Improving sawmill residue chip quality
Wallace, Robert D.
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The primary objective of this study was to improve residue chip quality at high production southern pine Sawmills. A general economic analysis suggested that improving sawmill residue chip quality could be beneficial to both pulp and sawmills. Studies were conducted at several sawmills to determine methods of improving residue chip quality. The first study examined the composition of material entering a residue chipper. Trim ends and oversize chips contributed the most pieces, but only 10% of the residue weight. Two-foot trim blocks accounted for the remaining material, 90% by weight. A number of these pieces resulted from slashing entire boards or cutting longer trim lengths into 2-foot pieces to clear them from the mill. Two studies were conducted to examine the possibility of leaving trim in longer lengths to improve piece orientation and stability. Both studies found significant improvements in chip quality, the over-thick chips decreased while the percentage of acceptable chips increased. Chip quality improved with each incremental increase in trim length, but increasing trim length to four feet alone accounted for 50% of the overall improvements. Four-foot trim lengths would generate an additional 4-5 tons of acceptable chips per day for the sawmill. Feed conveyor loading was found to affect chip quality. Highest chip quality was achieved when the feed conveyor was half-full, with two or three pieces entering simultaneously. An overloaded conveyor produced higher percentages of large chips, whereas chipping single pieces increased the percentage of smaller chips. The effect of seasonal temperatures on pin chip and fine production at southern pine and hardwood chip mills was examined as a secondary objective. The pin chip and fine content at the hardwood mills increased as temperatures decreased, but variability in species and inventory obscured the relationship. Southern pine chip mills experienced 4-5% increases in the pin chip and fine content during the winter months. Pin chips and fines increased 1% for every 10°F drop in temperature.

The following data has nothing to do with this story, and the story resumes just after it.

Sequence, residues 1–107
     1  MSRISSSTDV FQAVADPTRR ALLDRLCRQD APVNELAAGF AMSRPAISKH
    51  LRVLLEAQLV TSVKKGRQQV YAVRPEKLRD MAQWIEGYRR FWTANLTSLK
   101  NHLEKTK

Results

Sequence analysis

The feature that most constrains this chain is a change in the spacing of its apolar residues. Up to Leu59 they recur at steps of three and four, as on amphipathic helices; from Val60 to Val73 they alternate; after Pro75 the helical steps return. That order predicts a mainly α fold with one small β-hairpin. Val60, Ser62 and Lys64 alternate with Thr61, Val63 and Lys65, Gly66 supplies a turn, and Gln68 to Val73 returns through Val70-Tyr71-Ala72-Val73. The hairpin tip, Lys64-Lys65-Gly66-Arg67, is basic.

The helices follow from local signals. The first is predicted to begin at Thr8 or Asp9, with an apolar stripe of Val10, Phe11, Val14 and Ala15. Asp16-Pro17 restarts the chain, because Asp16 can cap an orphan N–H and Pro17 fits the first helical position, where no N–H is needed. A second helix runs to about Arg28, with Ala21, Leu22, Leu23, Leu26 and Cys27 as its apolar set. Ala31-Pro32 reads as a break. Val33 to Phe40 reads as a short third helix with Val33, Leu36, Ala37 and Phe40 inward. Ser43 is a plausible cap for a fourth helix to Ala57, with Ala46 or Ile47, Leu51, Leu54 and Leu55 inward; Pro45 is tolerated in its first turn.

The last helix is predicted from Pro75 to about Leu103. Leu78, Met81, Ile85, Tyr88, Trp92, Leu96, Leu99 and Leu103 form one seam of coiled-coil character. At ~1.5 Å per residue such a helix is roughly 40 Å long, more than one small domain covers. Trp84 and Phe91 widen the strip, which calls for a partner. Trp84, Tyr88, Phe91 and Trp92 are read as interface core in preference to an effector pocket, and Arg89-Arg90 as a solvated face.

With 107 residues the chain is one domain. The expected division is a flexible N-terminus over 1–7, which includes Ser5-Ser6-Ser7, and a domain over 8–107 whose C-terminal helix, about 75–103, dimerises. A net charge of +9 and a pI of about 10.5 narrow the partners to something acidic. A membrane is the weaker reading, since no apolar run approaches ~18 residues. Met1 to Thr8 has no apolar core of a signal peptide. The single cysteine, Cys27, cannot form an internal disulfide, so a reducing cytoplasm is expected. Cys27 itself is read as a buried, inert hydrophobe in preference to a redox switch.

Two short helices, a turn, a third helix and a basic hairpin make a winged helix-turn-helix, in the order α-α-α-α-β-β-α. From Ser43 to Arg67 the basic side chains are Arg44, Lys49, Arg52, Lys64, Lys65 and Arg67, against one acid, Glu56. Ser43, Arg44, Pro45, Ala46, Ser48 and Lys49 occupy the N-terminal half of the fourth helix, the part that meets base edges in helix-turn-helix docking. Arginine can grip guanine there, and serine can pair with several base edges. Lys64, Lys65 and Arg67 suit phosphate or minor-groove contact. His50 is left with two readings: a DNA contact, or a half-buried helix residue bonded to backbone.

- Masters Theses